On cross-examination, respondent counsel attempted to raise some doubts about Mr. Rogoff’s factual claims (was he sure the ID wasn’t in the envelope when it left PennDOT? Haven’t you ever been tied up in red tape, Mr. Rogoff?), but he was a sympathetic witness.
Shannon Royer, the Department of State’s Deputy Secretary for External Affairs and Elections, was the final witness. He testified out-of-order on behalf of the commonwealth. After relaying the history of electronic voter registration databases in Pennsylvania, Mr. Royer explained how the department orchestrated a statewide education campaign that “touch[ed] all corners of the state.” Targeting minority groups, non-English speakers, seniors, college students and the financially disadvantaged, the education campaign deployed advertisements in a cornucopia of media platforms: television, newspapers and magazines, radio, buses, mail flyers, billboards, online banner ads, and social media, to name just a few. There were pre- and post-injunction advertisements. The pre-injunction ads used the phrase, “If you want to vote—show it!” while the post-injunction ads altered it to, “If you have it—show it!” In both instances “it,” of course, refers to a valid photo ID.
Mr. Royer was visibly proud of the education campaign, and his testimony revealed he was of the belief that, if anything, the department overestimated the number of people it would need to reach with the idea. He also cited the “soft roll-outs” (the term used for the policy in place at the 2012 general and 2012 and 2013 primary elections where voters were asked, but not required, to produce a valid photo ID). While the evidence indicated that the department did spend a lot of money ($5 million so far, with another $2.65 million pledged) on getting the word out about the requirements of the voter ID law, he was not able to provide evidence of how well the campaign actually worked in getting valid photo IDs into the hands of those who need them.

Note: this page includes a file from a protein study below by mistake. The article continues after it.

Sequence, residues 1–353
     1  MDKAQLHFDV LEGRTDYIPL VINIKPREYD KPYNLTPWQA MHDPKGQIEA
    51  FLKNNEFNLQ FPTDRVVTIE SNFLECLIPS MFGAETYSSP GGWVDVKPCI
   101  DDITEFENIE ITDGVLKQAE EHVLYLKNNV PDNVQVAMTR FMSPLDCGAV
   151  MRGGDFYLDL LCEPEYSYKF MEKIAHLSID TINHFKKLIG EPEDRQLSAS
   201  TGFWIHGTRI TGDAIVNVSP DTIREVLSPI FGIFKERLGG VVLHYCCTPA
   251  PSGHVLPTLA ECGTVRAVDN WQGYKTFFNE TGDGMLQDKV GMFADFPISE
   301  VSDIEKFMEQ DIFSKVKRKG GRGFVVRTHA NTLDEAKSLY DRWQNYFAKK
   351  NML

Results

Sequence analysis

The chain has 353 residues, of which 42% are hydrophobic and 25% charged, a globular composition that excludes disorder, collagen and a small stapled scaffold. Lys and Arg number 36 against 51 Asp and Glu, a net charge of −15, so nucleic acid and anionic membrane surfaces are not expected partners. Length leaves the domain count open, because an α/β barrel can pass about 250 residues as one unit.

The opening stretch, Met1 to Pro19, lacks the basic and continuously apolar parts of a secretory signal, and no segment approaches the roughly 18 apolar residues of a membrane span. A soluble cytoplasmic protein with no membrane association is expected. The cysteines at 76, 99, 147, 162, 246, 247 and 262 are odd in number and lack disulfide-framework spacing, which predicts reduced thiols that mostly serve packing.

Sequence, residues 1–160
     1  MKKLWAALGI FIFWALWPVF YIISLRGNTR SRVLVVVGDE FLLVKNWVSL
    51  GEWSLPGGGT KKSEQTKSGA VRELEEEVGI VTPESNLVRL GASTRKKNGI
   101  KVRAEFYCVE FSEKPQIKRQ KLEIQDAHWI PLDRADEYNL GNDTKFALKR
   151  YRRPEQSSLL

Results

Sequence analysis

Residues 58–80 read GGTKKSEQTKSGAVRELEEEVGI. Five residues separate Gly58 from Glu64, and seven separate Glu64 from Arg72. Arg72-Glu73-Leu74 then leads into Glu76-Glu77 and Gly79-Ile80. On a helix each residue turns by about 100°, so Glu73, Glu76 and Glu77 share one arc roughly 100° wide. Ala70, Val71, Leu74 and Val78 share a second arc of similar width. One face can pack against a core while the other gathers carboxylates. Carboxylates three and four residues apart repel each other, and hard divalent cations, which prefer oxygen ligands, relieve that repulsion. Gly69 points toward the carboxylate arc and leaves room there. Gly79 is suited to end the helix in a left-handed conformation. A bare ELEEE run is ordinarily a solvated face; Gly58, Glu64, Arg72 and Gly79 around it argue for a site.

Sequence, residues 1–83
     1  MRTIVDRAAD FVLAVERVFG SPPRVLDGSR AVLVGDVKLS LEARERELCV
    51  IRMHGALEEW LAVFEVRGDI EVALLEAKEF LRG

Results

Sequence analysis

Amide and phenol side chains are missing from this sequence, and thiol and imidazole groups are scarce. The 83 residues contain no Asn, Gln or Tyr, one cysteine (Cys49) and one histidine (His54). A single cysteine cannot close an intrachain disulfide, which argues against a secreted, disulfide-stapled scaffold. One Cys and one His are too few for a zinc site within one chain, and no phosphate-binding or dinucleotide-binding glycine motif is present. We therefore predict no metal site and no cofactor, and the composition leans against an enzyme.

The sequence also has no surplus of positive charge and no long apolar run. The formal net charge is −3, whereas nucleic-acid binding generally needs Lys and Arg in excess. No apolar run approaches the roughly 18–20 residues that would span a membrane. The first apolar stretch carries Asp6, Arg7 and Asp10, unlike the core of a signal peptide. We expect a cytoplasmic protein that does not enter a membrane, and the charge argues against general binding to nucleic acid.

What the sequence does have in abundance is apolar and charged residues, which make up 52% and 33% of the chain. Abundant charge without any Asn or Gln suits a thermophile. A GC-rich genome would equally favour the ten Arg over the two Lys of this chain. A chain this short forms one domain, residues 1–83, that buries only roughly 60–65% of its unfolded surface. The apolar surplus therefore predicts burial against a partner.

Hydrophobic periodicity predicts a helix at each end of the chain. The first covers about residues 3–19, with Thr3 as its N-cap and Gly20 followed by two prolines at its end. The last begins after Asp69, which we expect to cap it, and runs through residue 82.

Mr. Royer’s testimony clearly demonstrated that the department, despite spending a fortune on the education campaign, committed absolutely no funds to analyzing the success of the campaign. He could give neither a general statistic regarding how many eligible voters still lack a valid ID nor more specific stats about how effective the campaign was for the targeted demographics. There was also a brief disagreement regarding whom the law actually affects. Mr. Royer contended that the voter ID law’s indigence exception allows anyone to circumvent the law by asserting that he or she is poor and filling out a provisional ballot. (Of course, since IDs are free, no one can legitimately sign an affidavit saying they can’t afford to get a free ID, so the exception is useless.) Petitioners’ counsel questioned that interpretation, arguing that the law required both a claim of indigence and an assertion that the person could not afford to get an ID. There were also questions raised about how effectively the education campaign publicized the DOS ID. Indeed, not a single ad even mentioned the DOS ID. In a key admission, Royer stated that they intentionally didn’t mention the DOS ID because they didn’t want to confuse voters with driver’s licenses who might think they needed additional ID to vote. The overriding concern was to ensure that voters with ID bring the ID – no to helping voters without ID get one.
Ultimately, the department will likely claim that the education campaign was an operational success, but it lacked the evidence to conclude the campaign did what it was supposed to do—get more eligible voters valid IDs. Without any sort of study into the campaign’s effectiveness, the department (and, by extension, the Commonwealth Court) remains in the dark as to whether the campaign significantly increased the number of people who have valid IDs to vote.
After over three hours on the stand and another late day in court that ended at 5:00 p.m., Mr. Royer was finally permitted to step down, and the court recessed. As Mr. Royer was called out of order, petitioners will resume their case tomorrow. Diana C. Mutz, Ph.D., a professor from the University of Pennsylvania, will critique the Department of State’s education campaign, including its failure to meet the standards of an effective information campaign.
It is also looking likely that the trial will extend to the week of July 29.